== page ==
The LA is the maximum amount of money an individual is allowed to build up in pension savings over his or her lifetime. If the total capital value of those savings — which includes occupational pension schemes and any other form of pension — exceeds £1.8 million (tax year 2010/11) the balance will be subject to a ‘recovery’ charge when the individual retires. Her Majesty’s Revenue & Customs (HMRC) applies recovery charges on the grounds that any amount above the LA has benefited unduly from the tax advantages associated with pension savings. If the excess is taken as a lump sum, then a 55% charge applies: if it is used to provide pension income, a 25% charge applies. (N.B. From April 2012, the LA will be reduced to £1.5m.)
The Annual Allowance (AA)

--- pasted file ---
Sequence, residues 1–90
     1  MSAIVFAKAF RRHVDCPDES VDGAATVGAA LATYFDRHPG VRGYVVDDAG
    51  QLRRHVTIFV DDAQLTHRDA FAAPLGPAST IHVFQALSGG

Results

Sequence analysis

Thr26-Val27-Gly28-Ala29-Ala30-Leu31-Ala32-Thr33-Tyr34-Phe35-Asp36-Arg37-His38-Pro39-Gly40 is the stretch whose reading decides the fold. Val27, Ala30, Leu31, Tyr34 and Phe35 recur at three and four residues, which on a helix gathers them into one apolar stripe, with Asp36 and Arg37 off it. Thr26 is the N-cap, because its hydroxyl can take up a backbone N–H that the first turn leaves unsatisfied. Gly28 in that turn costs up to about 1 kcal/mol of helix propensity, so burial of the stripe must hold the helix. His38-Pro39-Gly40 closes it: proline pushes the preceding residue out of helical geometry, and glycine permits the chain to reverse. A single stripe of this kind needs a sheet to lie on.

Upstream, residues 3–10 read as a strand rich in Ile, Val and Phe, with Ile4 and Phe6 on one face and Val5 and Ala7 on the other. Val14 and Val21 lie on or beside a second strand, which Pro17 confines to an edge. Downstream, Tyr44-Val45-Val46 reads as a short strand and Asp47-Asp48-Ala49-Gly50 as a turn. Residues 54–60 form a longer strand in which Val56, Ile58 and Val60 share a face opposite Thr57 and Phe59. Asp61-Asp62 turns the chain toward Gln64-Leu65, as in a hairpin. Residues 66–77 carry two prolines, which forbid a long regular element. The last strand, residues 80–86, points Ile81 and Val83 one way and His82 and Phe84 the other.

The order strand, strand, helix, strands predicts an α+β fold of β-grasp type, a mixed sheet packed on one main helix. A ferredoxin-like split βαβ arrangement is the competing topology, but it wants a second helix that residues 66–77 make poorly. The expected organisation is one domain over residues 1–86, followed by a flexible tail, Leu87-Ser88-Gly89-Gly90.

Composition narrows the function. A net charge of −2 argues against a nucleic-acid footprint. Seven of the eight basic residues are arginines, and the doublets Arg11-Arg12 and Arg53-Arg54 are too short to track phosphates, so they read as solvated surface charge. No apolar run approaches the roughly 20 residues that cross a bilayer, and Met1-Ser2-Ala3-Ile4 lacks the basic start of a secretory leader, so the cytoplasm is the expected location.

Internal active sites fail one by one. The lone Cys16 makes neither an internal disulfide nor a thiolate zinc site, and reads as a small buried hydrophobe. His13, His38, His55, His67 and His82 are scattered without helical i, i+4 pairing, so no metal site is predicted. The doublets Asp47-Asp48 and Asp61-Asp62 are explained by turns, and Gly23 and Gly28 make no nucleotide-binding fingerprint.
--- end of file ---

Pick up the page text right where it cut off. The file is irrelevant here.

The AA is the maximum amount an individual, or their employer, or both, is allowed to contribute to a pension (or pensions) and still claim tax relief on the contributions. For the tax year 2010/11, the AA is £255,000, reducing to £50,000 in tax year 2011/12. Although there is no limit on the amount that can be contributed to a pension scheme, there is a limit on the amount of tax relief that can be claimed each year. If the AA is exceeded, the excess may be subject to a tax charge, although the charge may be reduced or eliminated if an individual has unused allowances which can be carried forward from previous years and offset against the current year’s tax charge. The AA does not apply in the year of an individual’s death, where a person has 12 months or less to live, or the individual is a ‘deferred member’ and no longer building up benefits.